The IRS has released a technical interim guidance on Section 4960, which was added to the Internal Revenue Code of 1986, as amended, as part of the Tax Cuts and Jobs Act. Very generally, Section 4960 imposes an excise tax in an amount equal to the corporate tax rate (currently, 21 percent) on that portion of a covered employee’s pay that exceeds $1 million or is treated as an excess parachute payment (as explained below). The tax is imposed upon the applicable tax-exempt organization and its related organizations and became effective for tax years beginning after December 31, 2017. For a high-level summary of the law change, please see our earlier blog post.
Although these concepts may seem simple, the interim guidance issued by the IRS on December 31, 2018, in the form of IRS Notice 2019-9 creates a vast web of defined terms and potential pitfalls. The guidance necessitates that every entity that is, or is associated with, a tax-exempt organization and every practitioner or advisor who touches executive compensation matters involving tax-exempt organizations and their related entities gain a comprehensive understanding of these rules.
The guidance not only will drive the design and implementation of executive employment agreements and deferred compensation plans, but it also will influence the structuring of severance payments and settlement agreements. It also may necessitate changes to management service agreements, payroll systems, and internal controls to better manage and account for executive compensation.
Our initial overview of the interim guidance is designed to help organizations gain a basic understanding of the rules. Subsequent updates will drill down into some of the nuances and unanticipated consequences of Code Section 4960, as well as provide planning points to minimize the impact of this tax law change.
Who is subject to the excise tax?
The excise tax applies only to an applicable tax-exempt organization (“ATEO” in the Notice) or a related organization paying excess remuneration or excess parachute payments to a covered employee, all as defined below.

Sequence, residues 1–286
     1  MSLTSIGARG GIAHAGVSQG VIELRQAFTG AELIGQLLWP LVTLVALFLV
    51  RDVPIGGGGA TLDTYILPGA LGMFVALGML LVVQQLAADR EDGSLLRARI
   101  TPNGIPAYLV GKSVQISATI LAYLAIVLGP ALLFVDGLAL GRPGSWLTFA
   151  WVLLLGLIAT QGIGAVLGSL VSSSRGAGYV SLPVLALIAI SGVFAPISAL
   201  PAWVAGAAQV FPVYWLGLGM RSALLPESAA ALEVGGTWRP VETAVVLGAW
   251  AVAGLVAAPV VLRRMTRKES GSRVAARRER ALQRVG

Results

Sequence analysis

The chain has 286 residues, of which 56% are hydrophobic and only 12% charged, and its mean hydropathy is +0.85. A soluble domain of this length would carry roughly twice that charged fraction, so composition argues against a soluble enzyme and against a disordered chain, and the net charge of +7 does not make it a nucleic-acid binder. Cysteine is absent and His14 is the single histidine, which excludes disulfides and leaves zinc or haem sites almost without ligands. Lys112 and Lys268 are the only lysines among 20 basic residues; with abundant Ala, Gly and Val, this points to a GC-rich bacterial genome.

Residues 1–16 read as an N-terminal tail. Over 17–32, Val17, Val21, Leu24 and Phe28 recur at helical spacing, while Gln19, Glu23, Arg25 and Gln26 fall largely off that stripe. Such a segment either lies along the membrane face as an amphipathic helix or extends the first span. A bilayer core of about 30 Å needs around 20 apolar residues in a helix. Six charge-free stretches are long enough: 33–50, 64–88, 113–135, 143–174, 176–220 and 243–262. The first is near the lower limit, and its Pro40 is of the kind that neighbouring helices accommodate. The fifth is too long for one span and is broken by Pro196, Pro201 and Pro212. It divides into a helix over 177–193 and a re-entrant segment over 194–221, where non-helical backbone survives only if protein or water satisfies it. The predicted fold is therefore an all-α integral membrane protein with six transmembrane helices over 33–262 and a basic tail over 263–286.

An applicable tax-exempt organization includes all organizations exempt from taxation under Code Section 501(a) (e.g., public charities, private and public foundations, social welfare organizations, chambers of commerce, trade associations, electric cooperatives, and social clubs), governmental entities that are separately organized from a state or political subdivision of a state and that have their income excluded under Code Section 115(1) and certain other entities described in the Notice. Importantly, hospitals that have dual tax-exempt and governmental status will be subject to the excise tax, as are tax-exempt foundations that support public universities.
Thus, for example, a public university that has not also received a determination letter that it is exempt from taxation under Section 501(c)(3) is not an ATEO.
However, importantly, if governmental units are related to other ATEOs, they may be subject to their allocable portion of the excise tax, even though they do not constitute applicable tax-exempt organizations.
Related organizations subject to the Code Section 4960 excise tax include taxable, tax-exempt, and governmental entities meeting certain control and support tests set forth in the Notice.
For example, a related organization would include a governmental unit, such as a county, that has the power and authority to choose the directors of a non-profit Convention and Visitor’s Bureau or a public hospital that has a Section 501(c)(3) determination letter. A related organization might also include a taxable corporation that established a tax-exempt foundation to pay scholarships or make community grants and that has a board of directors comprised of representatives of the taxable corporation.
Employer Takeaway: The important point here is that tax-exempt organizations are not the only entities potentially subject to the excise tax. Taxable businesses and governmental entities also may be subject to this tax pursuant to the interim guidance.
Who is a covered employee?
Unlike most employee benefit rules that focus only on highly compensated employees, an employee can be a covered employee even if the nominal amount paid to the employee is not very high. Rather, an employee will be treated as a covered employee if he or she is one of an ATEO’s five highest-compensated employees, including pay from related organizations. Once an employee meets the definition of a covered employee, the employee is always a covered employee (even if the employee ceases to be one of the top five highest-compensated employees or terminates employment). Certain exceptions apply to pay received in exchange for medical services or if the ATEO pays less than 10 percent of employee’s total pay.
Employer Takeaway: As covered employee status is never shed, employers will need to be diligent about keeping an ongoing list of covered employees. ATEOs should immediately appoint an employee to keep this list and should confirm that the list is being accurately maintained to avoid inadvertent tax and reporting failures.
What is excess remuneration?
Very simply, excess remuneration, which is subject to this excise tax, means that portion of the covered employee’s remuneration from the ATEO when combined with remuneration the covered employee receives from related organizations that exceeds $1 million in a calendar year.
Remuneration means wages that are subject to income tax withholding purposes under Code Section 3401(a), excluding designated Roth contributions. Here, the devil is in the details.